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Enhancing Engineering Student Success: Working With Students To Change Their Attitudes

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1998 Annual Conference


Seattle, Washington

Publication Date

June 28, 1998

Start Date

June 28, 1998

End Date

July 1, 1998



Page Count


Page Numbers

3.261.1 - 3.261.8

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Paper Authors

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Edward N. Prather

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Raymond B. Landis

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NOTE: The first page of text has been automatically extracted and included below in lieu of an abstract

Session 2653

Enhancing Engineering Student Success: Working With Students to Change Their Attitudes Raymond B Landis, Edward N. Prather California State University, Los Angeles/University of Cincinnati

INTRODUCTION The need to bring about greater success on the part of engineering students is not the topic of this paper. The fact that we do is assumed to be self-evident. We only have to consider the anecdotal statements of engineering professors that “students aren’t what they used to be,” or measure our graduates against the outcomes established by the new ABET Engineering Criteria 2000,1 or look at the low transfer rates of students who start engineering study in community colleges, or look at the differentially low retention of minority students (African-American, Hispanic, and Native American) to convince ourselves that there is lots of room for improvement. If that’s not enough, we can always take the TQM view that “no matter how good we are doing, we should always strive to be better.” An Introduction to Engineering course with a primary focus on “student development” can provide an ideal vehicle for working with first year engineering students to enhance their chances of success. A Student Success Model (Figure 1), taken from Chapter 4 of Landis’ text Studying Engineering: A Road Map to a Rewarding Career,2 suggests three steps in this process: 1. Strengthen students commitment to the goal of success in engineering study 2. Change student behaviors to those that will bring about that success 3. Change student attitudes to those that will lead to those behaviors These steps to success are much better said in the Brihadaranyaka Upanishad IV.4.5:3 You are what your deep, driving desire is. As your desire is, so is your will. As your will is, so is your deed. As your deed is, so is your destiny. Previous papers by the first author have addressed Steps 1 and 2. In his 1996 paper,4 Landis provides a practical guide to strengthening students’ commitment to engineering study. In his 1997 paper5 (Republished in edited form in the November, 1997 issue of PRISM magazine6), Landis presents a five-step approach that has proven highly effective in changing engineering student behaviors. The purpose of this paper is to describe approaches which have proven effective in accomplishing the third step in the process, i.e., working with first year engineering students to adjust their attitudes to those that will contribute to their success as engineering students.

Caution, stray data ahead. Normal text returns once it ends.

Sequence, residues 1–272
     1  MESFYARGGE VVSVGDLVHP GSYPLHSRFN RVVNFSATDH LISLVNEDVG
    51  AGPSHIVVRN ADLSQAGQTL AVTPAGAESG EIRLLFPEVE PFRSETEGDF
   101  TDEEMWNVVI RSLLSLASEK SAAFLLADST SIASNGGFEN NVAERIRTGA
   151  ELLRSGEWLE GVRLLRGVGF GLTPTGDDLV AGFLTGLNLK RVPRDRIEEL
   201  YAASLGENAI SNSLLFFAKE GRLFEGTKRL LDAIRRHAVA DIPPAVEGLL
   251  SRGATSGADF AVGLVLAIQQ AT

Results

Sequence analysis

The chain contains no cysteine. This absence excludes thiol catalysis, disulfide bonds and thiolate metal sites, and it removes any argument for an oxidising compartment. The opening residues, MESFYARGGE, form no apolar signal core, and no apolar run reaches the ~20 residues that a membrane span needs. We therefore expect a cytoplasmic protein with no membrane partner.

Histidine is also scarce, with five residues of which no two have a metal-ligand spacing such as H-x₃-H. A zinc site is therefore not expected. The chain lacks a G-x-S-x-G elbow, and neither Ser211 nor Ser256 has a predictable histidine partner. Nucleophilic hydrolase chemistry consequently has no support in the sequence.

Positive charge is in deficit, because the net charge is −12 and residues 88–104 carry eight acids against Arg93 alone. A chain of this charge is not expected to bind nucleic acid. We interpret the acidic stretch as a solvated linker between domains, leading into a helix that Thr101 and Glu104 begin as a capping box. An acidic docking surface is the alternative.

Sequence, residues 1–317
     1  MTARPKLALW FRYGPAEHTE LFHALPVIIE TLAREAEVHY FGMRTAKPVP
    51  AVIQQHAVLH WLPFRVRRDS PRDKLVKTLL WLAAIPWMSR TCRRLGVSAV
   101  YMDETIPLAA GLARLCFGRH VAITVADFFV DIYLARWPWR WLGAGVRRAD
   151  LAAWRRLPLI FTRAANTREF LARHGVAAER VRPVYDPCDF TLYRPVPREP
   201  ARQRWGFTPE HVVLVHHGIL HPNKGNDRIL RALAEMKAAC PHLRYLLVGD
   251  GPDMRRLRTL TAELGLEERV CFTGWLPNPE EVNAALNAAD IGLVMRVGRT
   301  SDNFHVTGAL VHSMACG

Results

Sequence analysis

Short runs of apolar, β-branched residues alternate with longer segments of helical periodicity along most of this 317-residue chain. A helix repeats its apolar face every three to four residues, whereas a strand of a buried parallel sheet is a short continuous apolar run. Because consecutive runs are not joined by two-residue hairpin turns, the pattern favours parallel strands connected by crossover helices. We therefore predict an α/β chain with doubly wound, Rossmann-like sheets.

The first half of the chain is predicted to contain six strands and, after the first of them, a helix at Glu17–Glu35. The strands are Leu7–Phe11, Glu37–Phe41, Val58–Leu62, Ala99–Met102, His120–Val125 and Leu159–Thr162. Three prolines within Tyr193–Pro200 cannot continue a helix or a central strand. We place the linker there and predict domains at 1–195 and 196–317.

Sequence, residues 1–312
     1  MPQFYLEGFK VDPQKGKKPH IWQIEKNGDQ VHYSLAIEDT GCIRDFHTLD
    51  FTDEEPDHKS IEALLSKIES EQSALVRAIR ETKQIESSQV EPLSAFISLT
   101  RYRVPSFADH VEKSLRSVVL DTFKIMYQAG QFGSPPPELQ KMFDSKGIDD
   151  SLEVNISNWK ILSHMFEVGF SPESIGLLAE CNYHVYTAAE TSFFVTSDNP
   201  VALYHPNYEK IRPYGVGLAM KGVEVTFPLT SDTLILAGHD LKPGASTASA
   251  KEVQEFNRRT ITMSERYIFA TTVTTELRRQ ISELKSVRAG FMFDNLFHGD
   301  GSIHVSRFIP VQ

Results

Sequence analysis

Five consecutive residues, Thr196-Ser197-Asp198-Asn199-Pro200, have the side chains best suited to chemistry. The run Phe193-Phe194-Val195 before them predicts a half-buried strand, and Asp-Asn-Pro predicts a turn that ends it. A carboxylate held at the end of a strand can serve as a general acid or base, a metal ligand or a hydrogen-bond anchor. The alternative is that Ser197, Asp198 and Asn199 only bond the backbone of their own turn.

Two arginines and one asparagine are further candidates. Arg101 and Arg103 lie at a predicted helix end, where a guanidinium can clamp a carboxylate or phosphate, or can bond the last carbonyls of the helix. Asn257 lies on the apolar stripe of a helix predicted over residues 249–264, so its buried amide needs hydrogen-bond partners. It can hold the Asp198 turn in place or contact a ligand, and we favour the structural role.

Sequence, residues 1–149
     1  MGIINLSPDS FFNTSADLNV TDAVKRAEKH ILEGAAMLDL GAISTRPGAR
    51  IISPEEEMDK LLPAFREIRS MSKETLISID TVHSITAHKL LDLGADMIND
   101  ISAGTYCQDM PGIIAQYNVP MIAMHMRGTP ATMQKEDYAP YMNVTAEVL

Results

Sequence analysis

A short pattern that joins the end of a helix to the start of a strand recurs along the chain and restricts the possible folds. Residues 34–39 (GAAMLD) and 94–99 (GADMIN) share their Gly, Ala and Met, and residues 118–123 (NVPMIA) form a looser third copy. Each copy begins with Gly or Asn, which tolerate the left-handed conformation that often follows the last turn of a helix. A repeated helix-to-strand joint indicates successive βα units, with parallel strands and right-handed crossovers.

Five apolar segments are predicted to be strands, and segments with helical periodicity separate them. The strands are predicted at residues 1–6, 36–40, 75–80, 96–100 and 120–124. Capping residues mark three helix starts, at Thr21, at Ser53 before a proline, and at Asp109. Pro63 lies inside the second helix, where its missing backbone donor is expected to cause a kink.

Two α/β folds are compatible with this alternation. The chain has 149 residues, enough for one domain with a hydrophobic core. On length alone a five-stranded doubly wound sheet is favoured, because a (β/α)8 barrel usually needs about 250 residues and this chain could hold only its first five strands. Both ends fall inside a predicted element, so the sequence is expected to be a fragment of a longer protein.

Prather, E. N., & Landis, R. B. (1998, June), Enhancing Engineering Student Success: Working With Students To Change Their Attitudes Paper presented at 1998 Annual Conference, Seattle, Washington.

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